On Saturday, January 29, teachers in dozens of locations around Iran went on strike and organized protests in schools, reaffirming demands they’ve been making for years. One of the primary demands of the protesting teachers is the adoption of the “classification plan,” which is meant to rearrange their compensation.
They also want pensions for retired teachers to be adjusted to reflect rising inflation and basic goods prices.
The Majlis (parliament) of the dictatorship recently authorized a budget that only fulfills a fraction of the demands of hundreds of thousands of teachers. The instructors are also lobbying for the release of their colleagues who were arrested for protesting.
January 29 – #Iran
Teachers and educators across the country are on strike, protesting at their worksites. Retired teachers are also protesting, joining the nationwide call for fair pay & pensions, especially with inflation skyrocketing.#IranProtests #اعتراضات_سراسری_معلمان pic.twitter.com/qBvoboW4x7
— People's Mojahedin Organization of Iran (PMOI/MEK) (@Mojahedineng) January 29, 2022
Active and retired teachers are among those who have been affected by the economic crisis and the regime’s inaction in drafting legislation and allocating resources to enhance their working circumstances.
Mrs. Maryam Rajavi, the president-elect of Iran’s National Council of Resistance of Iran (NCRI), has long commended Iranian teachers for demonstrating that they “would not back down” in the face of the religious regime’s “deceptive plots, threats, and suppressive measures.” “Until their demands are granted, the teachers’ movement will continue.”
Mrs. Rajavi also stated that the teachers’ movement reflects “the general Iranian public’s determination to overthrow the clerical regime, which is the main cause of oppression, corruption, poverty, unemployment, and poverty,” and she encouraged students and youth to join the teachers in their protests.
With their courageous protests today, Iranian teachers showed that they will not back down despite the clerical regime’s deceptive plans, threats, & suppressive measures. The teachers’ movement will carry on until their demands are met. #IranProtests pic.twitter.com/OB4i7VlTP6
— Maryam Rajavi (@Maryam_Rajavi) December 23, 2021
The Majlis enacted the “Teachers Ranking” bill last month, which is meant to solve many of the issues that teachers have experienced in recent years.
Teachers will be grouped into five ranks based on “general, specialized, and professional credentials, experience, and competitive function,” according to the bill. Salaries will be set based on the teachers’ ratings.
While the administration brags about the bill and its accomplishments, Iranian teachers accuse the regime of failing to meet their requirements. The Iranian Teachers Coordination Council described the bill as deceptive and inappropriate, and stated that the administration has warned that this erroneous plan will not be implemented during the current Persian year, which runs until March 2022.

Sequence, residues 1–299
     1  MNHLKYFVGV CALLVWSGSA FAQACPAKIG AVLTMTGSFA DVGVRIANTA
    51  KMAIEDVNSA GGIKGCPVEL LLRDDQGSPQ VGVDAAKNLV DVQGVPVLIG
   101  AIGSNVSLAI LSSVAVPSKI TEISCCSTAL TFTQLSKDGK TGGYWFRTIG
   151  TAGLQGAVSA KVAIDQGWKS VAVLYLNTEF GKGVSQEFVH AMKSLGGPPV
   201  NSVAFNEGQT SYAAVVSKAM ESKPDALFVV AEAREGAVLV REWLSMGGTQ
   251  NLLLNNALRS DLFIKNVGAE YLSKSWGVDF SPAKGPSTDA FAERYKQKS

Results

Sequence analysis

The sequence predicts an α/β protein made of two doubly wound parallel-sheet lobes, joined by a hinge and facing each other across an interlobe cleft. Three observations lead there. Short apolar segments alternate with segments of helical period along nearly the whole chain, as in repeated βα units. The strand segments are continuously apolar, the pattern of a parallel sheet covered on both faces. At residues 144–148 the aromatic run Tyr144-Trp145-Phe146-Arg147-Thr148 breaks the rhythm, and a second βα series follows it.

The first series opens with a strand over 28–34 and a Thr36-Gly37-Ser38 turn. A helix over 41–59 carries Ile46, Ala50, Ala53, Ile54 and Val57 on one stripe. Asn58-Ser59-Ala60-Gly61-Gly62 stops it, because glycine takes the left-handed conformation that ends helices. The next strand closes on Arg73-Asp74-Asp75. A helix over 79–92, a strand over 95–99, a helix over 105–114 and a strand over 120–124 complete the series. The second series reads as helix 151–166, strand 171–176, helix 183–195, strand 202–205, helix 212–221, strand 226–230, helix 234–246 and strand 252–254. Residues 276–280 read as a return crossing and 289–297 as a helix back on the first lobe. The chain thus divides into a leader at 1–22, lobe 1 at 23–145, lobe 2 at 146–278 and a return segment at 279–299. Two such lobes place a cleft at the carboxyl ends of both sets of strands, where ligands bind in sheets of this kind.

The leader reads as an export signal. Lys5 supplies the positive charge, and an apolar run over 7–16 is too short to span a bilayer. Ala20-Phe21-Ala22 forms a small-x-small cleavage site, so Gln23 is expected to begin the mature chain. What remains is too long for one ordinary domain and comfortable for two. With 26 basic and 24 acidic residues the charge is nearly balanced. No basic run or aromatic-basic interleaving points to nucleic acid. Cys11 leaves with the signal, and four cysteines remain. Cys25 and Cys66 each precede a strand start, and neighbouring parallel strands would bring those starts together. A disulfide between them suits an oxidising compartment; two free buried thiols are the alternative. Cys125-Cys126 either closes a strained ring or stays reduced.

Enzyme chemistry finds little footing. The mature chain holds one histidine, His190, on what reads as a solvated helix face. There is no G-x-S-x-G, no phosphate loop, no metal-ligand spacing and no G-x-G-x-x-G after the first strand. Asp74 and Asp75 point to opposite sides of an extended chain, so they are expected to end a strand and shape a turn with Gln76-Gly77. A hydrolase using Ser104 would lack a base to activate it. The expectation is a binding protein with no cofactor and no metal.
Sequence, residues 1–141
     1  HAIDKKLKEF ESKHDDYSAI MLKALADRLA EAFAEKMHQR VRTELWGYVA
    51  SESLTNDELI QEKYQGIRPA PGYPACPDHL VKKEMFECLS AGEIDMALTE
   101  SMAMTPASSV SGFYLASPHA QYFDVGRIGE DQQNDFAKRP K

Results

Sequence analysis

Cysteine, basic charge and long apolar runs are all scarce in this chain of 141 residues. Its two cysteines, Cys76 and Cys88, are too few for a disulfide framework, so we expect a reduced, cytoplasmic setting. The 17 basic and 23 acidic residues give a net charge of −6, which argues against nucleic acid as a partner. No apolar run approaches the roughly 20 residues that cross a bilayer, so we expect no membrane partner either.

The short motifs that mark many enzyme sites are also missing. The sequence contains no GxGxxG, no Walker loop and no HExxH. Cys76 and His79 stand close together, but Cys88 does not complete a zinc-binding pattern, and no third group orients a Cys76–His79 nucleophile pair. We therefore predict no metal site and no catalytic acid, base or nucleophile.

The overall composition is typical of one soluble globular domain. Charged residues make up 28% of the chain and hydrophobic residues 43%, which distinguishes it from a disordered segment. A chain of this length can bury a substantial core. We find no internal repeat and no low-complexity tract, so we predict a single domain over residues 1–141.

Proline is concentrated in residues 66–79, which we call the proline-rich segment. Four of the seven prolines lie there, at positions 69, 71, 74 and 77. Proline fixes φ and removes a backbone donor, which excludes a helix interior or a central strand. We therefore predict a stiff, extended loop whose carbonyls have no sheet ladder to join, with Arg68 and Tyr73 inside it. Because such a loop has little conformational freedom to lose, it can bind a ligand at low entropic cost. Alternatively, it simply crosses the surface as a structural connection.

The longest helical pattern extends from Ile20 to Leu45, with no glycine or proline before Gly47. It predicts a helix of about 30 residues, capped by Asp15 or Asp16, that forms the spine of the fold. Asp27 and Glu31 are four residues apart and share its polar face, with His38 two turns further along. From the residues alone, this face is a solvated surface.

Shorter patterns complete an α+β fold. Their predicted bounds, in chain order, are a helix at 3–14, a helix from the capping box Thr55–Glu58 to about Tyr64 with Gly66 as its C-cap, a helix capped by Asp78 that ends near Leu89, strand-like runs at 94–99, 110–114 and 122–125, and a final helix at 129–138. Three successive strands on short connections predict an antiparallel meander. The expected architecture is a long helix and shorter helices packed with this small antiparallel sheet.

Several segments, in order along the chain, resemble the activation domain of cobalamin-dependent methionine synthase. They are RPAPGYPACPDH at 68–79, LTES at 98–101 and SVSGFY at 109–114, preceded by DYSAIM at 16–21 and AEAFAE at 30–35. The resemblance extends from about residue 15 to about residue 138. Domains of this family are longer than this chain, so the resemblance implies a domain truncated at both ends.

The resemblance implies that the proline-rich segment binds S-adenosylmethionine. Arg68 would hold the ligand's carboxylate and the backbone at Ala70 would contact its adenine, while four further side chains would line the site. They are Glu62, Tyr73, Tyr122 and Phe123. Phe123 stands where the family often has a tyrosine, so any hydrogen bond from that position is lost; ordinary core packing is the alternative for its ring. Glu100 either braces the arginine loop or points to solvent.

In the coming Persian year, beginning in March 2022, a total of 250 trillion rials will be distributed to about 734,000 teachers across Iran, according to the bill. It does not, however, take into account the tens of thousands of instructors who operate on unofficial contracts because the education ministry refuses to hire them despite the fact that they have passed the test.
“There is no funding to implement the law in the current year, and the government has no credit for the year 1400 [March 2021-March 2022],” Hossein Arab Assadi, deputy of the Employment Affairs Organization, stated after the measure was enacted.
Majlis Speaker Mohammad Bagher Ghalibaf previously stated that the Majlis would not be able to adjust the annual budget of 250 trillion rials allotted to this plan.
In early and mid-December, teachers conducted nationwide protest rallies.
The regime has attempted to intimidate teachers by labeling their gatherings a “security danger” and planning for retaliation.
The state-run Keyhan daily warned on December 15 that the demonstrations are being hijacked and managed by “state foes.”
Meanwhile, the Revolutionary Guards’ (IRGC)-affiliated Javan newspaper attempted to downplay the teachers’ demands, claiming that 72 percent of the increased education funding had been allocated to teachers. The publication commented, “Instead of allocating our credit to expand the school system and improve the quality of education, we are spending it on salaries.”
Javan, ironically, makes no mention of the IRGC’s budget, which has increased by 240 percent year over year to spend billions on overseas terrorism, ballistic missiles, internet control, and home repression.